When it comes to highway safety, drivers are on the front lines – and there’s no technology that can replace a skilled, safe driver practicing safe driving habits. Making sure the men and women behind the wheel are supported with the most current, useful information, and helping provide them with the safest vehicles possible are among our highest priorities.

This installment in the Bendix Driver Insight Series explores Bendix® Wingman® Fusion™ – our flagship collision mitigation system. It comes standard on a number of major North American on-highway makes and models, and is optional on many others – including vocational, bus, and motorcoach applications. Combining camera, radar, and a vehicle’s brake system, Fusion is designed to help drivers mitigate rear-end collisions. It also delivers adaptive cruise control, lane departure warnings, and speed sign recognition, among other valuable system features. Because we built it on top of Bendix® ESP®, our full-stability system, it also helps mitigate rollover and loss-of-control situations.

How Does It Work?

Fusion’s key components are a forward-facing radar, a forward-facing camera, and sensors in the brake system. The camera and radar combine to provide more information than a radar-only system, which means the system can make smarter decisions and cut down on false alerts and interventions. The brake sensors, as part of the full-stability system – can sense both directional and lateral acceleration (roll) events in order to maintain stability. The system can also apply additional braking power if needed.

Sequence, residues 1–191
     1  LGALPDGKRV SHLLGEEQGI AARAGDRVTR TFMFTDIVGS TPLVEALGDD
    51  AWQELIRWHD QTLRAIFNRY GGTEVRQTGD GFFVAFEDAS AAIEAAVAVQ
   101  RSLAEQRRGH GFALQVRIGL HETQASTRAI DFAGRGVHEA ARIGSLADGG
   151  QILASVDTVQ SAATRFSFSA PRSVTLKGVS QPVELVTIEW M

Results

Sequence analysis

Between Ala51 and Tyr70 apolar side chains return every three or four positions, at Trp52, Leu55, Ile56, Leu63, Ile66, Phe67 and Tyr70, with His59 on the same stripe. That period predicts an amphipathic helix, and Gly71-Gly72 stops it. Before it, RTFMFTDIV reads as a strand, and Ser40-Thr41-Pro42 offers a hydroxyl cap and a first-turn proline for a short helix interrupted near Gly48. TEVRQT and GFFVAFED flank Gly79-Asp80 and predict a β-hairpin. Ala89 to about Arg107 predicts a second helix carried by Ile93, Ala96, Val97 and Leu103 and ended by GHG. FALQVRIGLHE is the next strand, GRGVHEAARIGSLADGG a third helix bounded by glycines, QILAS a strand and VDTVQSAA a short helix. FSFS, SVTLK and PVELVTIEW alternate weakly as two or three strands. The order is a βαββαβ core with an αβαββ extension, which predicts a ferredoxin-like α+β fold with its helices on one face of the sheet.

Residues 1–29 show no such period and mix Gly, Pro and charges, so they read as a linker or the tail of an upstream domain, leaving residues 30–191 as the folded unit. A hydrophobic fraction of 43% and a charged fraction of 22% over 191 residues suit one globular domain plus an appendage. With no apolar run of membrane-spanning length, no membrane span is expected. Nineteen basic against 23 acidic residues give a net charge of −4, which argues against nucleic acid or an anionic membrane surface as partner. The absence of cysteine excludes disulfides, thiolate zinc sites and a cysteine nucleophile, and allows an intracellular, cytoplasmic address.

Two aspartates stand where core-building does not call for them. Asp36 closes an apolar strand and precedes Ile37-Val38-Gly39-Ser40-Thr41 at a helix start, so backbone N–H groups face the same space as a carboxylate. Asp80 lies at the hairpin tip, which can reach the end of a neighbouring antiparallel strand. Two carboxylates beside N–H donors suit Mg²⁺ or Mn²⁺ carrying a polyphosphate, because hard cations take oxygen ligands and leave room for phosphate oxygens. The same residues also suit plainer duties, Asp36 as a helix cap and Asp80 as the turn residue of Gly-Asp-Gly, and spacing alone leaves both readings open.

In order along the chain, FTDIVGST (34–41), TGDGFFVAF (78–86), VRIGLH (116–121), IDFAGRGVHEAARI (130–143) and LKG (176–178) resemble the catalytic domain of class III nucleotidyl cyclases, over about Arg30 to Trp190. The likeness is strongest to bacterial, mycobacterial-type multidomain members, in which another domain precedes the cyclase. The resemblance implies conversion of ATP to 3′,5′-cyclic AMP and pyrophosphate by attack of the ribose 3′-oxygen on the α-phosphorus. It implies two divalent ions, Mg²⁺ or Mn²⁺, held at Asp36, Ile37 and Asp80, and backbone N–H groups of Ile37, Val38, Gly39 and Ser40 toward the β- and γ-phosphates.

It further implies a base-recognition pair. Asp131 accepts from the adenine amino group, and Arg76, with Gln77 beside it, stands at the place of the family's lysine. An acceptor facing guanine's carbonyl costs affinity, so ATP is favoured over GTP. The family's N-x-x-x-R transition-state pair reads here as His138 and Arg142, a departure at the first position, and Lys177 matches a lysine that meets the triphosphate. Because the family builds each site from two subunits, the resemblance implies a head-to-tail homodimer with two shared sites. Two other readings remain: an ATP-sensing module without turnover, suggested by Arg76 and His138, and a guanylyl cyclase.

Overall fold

Information is a big key: The more the system receives through input, the earlier it can read a situation and assist the driver.

What does all this mean for the driver in the cab? Two things: Alerts and interventions.


To give drivers a heads-up, Fusion provides a number of alerts, including: • Following Distance Alert

• Impact Alert

• Stationary Object Alert

• Lane Departure Warning

• Speed Sign Recognition

Note that some alerts – Lane Departure Warning and Speed Sign Recognition, in particular – may not be available on all makes and models.

Following distance alerts occur when the distance closes between the driver’s truck and a forward vehicle, and timing may vary: Bendix provides nine different settings to address preferences and situations, and the alerts can range from an aggressive, single alert to a series of increasingly aggressive beeps.

Impact alerts are considered the first line of defense in helping to mitigate rear-end collisions, and sound when the system has determined a forward collision is imminent if no action is taken, such as braking or steering. Similarly, stationary object alerts give notice that a stationary object of size is in the lane of travel – they’ll give a driver up to 3 seconds’ warning that they need to steer, brake, or reduce throttle.

Lane departure warnings let the driver know when the vehicle is driving left or right out of its lane. Wingman® Fusion™ delivers both a visual and audible alert. Use of a turn signal lets the system know the move is intentional. This system can be temporarily disabled for 15 minutes in construction zones or other areas where road lines may confuse the system.